Sneak Peek: June 2020 VSCNews Magazine

Clint Thompson Alabama, Florida, Georgia, Legislative, North Carolina, South Carolina, VSCNews magazine

By Ashley Robinson

Policies and regulations can impact a farmer’s ability to make a living. The 2020 Florida, Georgia and Alabama legislative sessions have officially wrapped up, and the June issue of VSCNews magazine will tell readers how agriculture fared in each state.

Adam Basford, director of state legislative affairs for Florida Farm Bureau, discusses the successes and progress that has been made this legislative session.

Mary Ann Hooks, director of governmental affairs with the University of Florida Institute of Food and Agricultural Sciences (UF/IFAS), gives an update on how the UF/IFAS budget fared this year.

Georgia Lawmakers pressed the pause button on the 2020 legislative session due to COVID-19.

Georgia Agribusiness Council President Will Bentley discusses the Ag bills that were still in play when the session paused.

Furthermore, Ashley Robinson, AgNet Media communications intern, dives deeper into the Alabama session based on an interview with Leigha Cauthen, executive director of the Alabama Agribusiness Council.

Farmworker safety is also highlighted in the June issue. Amy Wolfe, president and CEO of AgSafe, discusses precautions that farm owners and managers should implement to ensure the safety of their farmworkers as the industry navigates through the COVID-19 pandemic. However, Wolfe warns not to trade out one risk for another. On top of additional COVID-19 precautions, growers shouldn’t overlook other tried-and-true general farm safety measures.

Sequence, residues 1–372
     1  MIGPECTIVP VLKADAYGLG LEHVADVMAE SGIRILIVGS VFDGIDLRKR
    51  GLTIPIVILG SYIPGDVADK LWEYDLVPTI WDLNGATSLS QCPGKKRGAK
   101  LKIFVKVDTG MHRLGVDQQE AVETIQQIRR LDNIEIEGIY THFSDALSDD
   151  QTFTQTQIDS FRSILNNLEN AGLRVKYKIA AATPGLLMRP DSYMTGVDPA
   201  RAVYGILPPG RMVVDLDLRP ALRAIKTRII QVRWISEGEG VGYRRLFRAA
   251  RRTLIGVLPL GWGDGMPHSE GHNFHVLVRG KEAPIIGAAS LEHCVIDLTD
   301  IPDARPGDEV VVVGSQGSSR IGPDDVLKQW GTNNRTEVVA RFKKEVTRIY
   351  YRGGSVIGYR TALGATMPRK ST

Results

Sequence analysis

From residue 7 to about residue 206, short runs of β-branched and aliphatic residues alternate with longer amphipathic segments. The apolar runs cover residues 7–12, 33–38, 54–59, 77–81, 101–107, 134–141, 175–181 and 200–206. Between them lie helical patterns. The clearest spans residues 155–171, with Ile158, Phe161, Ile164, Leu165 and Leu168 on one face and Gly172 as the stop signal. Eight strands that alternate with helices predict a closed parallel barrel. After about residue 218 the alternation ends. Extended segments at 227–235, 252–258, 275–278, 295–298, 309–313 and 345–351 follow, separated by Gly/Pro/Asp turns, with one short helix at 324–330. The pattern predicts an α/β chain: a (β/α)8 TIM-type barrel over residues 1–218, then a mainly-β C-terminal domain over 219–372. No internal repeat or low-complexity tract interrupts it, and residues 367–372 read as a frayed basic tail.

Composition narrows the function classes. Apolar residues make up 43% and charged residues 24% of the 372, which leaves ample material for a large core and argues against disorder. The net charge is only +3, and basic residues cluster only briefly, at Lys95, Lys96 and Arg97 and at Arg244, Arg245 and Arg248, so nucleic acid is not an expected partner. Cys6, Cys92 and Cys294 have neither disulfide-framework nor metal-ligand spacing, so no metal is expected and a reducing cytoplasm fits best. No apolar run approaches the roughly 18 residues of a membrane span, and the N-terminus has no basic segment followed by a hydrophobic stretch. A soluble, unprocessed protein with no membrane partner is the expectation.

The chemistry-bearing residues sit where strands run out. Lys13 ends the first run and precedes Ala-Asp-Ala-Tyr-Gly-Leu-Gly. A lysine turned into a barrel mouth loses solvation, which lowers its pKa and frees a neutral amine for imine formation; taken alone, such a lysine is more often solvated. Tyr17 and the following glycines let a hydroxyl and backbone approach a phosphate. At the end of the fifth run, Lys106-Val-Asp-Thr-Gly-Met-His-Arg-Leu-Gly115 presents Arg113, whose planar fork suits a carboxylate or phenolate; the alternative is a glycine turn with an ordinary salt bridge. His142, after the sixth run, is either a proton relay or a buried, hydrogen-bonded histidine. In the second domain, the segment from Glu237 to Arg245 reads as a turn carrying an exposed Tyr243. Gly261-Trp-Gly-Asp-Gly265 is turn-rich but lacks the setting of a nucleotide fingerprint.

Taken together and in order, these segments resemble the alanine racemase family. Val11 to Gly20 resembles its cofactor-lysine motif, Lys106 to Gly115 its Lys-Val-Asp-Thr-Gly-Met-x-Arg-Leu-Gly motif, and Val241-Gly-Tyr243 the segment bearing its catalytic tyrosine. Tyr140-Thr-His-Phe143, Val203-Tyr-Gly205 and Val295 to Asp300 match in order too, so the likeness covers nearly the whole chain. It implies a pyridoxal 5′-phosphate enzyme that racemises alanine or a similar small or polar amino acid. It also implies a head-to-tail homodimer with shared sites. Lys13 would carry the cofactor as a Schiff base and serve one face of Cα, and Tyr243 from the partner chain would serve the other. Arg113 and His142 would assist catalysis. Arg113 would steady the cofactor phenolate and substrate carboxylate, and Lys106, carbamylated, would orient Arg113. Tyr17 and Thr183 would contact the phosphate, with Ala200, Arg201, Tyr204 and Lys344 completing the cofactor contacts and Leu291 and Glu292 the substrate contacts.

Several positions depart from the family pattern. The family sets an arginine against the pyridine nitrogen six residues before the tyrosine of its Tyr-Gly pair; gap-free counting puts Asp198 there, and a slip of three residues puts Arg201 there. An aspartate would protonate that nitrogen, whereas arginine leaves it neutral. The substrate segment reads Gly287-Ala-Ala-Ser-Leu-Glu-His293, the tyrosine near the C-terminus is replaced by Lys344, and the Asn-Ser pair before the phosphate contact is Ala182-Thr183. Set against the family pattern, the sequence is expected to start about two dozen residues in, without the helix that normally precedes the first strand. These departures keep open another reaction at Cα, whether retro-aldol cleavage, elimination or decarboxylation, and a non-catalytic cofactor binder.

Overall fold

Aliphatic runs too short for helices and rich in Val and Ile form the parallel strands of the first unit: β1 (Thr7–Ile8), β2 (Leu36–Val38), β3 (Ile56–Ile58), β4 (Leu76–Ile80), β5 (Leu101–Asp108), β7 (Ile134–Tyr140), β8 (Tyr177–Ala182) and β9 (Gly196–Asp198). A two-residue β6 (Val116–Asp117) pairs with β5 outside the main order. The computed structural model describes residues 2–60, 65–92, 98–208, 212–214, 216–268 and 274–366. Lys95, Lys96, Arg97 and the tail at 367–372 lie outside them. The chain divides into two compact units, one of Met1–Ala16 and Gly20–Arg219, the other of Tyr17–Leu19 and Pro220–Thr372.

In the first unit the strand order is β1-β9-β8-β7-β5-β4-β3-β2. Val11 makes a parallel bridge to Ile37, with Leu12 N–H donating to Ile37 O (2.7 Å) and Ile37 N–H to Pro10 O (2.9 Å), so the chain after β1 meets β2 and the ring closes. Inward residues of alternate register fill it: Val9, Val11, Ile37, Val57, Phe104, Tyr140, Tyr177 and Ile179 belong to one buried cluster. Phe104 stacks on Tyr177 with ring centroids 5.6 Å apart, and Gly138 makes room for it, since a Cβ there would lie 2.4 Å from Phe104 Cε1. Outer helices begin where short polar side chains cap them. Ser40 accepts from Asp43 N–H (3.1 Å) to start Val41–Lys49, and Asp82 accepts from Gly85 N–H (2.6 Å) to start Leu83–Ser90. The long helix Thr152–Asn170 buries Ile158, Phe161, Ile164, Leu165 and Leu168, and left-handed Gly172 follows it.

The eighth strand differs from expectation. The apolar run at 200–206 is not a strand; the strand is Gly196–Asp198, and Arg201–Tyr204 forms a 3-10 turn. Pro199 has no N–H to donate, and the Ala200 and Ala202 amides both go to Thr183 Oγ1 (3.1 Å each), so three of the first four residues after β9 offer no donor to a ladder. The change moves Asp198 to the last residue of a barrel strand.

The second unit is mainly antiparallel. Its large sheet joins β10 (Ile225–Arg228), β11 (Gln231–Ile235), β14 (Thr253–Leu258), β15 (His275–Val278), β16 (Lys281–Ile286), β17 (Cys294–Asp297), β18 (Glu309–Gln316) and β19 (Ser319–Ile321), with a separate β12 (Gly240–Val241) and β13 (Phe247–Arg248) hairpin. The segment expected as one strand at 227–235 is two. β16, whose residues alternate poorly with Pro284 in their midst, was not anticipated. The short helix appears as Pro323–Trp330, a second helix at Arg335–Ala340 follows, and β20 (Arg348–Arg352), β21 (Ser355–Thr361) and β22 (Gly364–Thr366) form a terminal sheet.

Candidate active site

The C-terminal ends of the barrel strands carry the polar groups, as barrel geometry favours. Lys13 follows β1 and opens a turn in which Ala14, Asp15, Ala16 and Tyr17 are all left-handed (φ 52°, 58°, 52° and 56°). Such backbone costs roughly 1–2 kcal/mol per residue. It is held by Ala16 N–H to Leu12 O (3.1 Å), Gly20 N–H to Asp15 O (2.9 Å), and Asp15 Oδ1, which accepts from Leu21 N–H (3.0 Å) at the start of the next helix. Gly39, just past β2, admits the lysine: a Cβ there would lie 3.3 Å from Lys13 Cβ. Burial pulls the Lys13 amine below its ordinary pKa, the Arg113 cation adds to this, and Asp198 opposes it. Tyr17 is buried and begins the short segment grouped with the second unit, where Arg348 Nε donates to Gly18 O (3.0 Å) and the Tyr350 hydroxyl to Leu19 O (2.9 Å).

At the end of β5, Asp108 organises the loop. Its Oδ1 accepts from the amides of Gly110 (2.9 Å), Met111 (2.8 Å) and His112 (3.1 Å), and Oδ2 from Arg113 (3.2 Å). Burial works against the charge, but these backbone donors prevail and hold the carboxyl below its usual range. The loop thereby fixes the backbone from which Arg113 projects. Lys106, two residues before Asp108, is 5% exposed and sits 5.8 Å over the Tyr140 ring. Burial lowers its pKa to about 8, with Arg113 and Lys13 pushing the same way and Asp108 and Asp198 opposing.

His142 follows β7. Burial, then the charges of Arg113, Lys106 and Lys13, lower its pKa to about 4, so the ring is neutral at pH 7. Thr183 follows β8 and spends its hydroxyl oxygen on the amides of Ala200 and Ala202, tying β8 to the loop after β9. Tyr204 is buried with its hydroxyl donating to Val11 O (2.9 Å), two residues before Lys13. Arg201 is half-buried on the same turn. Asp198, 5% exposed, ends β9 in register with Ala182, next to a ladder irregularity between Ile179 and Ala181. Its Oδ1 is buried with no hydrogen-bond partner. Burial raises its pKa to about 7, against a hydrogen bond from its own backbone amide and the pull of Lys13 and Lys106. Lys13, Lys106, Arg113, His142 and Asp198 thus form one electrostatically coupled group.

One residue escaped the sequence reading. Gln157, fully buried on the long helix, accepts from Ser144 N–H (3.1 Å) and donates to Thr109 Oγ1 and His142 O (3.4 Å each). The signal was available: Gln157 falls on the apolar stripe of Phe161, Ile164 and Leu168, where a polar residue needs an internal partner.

Hemp interest is still strong in the Southeast. Clint Thompson, AgNet Media multimedia journalist, looks at the impacts of COVID-19 on the hemp industry. Thompson also addresses the rules and regulations for producing hemp in Florida, Georgia and Alabama.

Lastly, Jaya Joshi, a postdoctoral associate at UF, discusses the future of meeting the demand for meat with plant proteins. According to Joshi, there is rising interest among consumers who want to eat less meat and dairy and more fruits and vegetables without compromising their protein intake. Plant-based protein may be the answer for these individuals.

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